“I refuse this thought and the mental condition it has brought on me which affects my body.”

If you are really brave and decisive, you can simply say “delete” or “cancel” to remove the unwanted/negative thought. 

Say “delete” or “cancel” aloud, if appropriate, or in your inner voice if others are around.

Step #2.a. Get Curious.

Ask yourself empowering questions and reflect back to discover or uncover your thoughts. I’ve found that “Why” questions keep us stuck in the past. More empowering questions, ones that allow you to ask and answer from the viewpoint of the observer, typically begin with “What” and “How.”

Step #2.b. Question the thought for its truth.

We often accept our negative self-criticisms as truth without questioning their validity. The next time you become aware of a negative thought, challenge it. Ask yourself if it’s true or not. Pitting our negative thoughts against what is actually true can be a simple yet powerful exercise and a step towards shattering our negative and usually untrue belief.

Step #2.c. Correct the inner critic by telling it the statement is untrue.

Now that you’ve acknowledged and challenged your inner critic, it’s time to replace the inaccurate assessments and lies with the more accurate, empathetic, and powerful truth. Instead of, “You’re a loser and you’ll never succeed,” try, “I may not be perfect, but I tried my best and I got a pretty good result.” Reframe the negative thoughts so they more accurately reflect the truth.

Step #3 Reframe the negative “you” thought to a positive “I” statement.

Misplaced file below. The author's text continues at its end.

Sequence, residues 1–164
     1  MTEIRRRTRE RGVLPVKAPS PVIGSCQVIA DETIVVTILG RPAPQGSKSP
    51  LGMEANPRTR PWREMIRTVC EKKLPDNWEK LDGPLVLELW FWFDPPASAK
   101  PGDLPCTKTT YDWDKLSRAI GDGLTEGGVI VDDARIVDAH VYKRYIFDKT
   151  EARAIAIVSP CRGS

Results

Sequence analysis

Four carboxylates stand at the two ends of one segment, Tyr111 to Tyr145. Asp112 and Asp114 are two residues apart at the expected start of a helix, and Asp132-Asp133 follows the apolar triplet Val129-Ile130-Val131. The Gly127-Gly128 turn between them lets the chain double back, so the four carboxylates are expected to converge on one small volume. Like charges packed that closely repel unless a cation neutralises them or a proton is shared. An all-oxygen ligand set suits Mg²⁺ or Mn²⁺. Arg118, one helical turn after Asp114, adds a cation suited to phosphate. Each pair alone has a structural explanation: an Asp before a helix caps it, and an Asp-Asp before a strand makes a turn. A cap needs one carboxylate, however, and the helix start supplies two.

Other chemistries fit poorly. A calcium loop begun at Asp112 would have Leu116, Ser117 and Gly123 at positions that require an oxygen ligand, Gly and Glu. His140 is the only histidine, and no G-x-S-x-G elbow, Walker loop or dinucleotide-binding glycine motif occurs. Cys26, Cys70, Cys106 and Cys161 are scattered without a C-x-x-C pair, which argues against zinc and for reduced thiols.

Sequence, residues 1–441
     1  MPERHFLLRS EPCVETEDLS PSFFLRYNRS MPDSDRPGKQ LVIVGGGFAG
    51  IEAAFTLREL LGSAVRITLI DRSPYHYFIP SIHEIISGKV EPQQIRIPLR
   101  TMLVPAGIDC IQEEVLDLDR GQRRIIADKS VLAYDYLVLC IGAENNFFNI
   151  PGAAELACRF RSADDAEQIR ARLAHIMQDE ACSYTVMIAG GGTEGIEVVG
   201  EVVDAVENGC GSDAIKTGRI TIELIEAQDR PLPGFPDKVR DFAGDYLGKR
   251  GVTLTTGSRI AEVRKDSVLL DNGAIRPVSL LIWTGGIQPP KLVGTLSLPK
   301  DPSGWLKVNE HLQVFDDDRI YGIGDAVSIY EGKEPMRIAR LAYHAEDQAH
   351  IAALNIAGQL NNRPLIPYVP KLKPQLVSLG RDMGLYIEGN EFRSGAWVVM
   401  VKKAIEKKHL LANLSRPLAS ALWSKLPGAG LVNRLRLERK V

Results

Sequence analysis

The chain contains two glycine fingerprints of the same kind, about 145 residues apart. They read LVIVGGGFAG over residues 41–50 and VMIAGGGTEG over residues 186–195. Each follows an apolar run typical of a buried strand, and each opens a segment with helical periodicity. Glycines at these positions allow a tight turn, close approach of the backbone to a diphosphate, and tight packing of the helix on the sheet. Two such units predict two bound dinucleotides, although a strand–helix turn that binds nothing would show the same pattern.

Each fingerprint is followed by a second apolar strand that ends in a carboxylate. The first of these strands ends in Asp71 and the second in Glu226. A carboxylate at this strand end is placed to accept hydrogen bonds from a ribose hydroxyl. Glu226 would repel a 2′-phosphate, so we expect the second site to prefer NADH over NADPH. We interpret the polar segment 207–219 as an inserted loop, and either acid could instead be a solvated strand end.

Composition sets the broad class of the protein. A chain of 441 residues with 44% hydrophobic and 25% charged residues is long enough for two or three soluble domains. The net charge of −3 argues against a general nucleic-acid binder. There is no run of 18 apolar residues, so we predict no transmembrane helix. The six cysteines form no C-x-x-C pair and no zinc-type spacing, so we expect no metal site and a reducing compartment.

“I” statements help us assert what we really believe by connecting us to what we’re feeling. For example, the internal dialogue would shift from, “You never do anything right,” to, “I feel frustrated and angry when the results don’t reflect my efforts.” Replacing “you statements” with “I statements” takes the negative charge out of our inner dialogue.

The nagging chatter call of the inner critic serves as an opportunity to challenge inaccurate thoughts and replace them with positive, helpful ones. 

This 3S – 3 Step process can help…

What does your inner critic tell you? 

What can you learn from it? 

How can you use that inner dialogue to help you improve your life?  

Because our inner critic has been with us for a long, long time, it is often quite challenging to recognize it, and even more challenging to get beyond its distortions and lies so that you can discover and uncover the truth.

This process is powerful in and of itself and if you would like one-on-one support and help noticing, disrupting, healing, and integrating those old patterns that block or hold you back from dreaming, creating, and living the life of your dreams, please do not delay. Email me at Karen@LifeCoachingwithkp.com or better still, book Your Free Needs Analysis Coaching Session now.

Have fun with this new tool in your proverbial tool belt of life.

Blessings and Abound in Grace,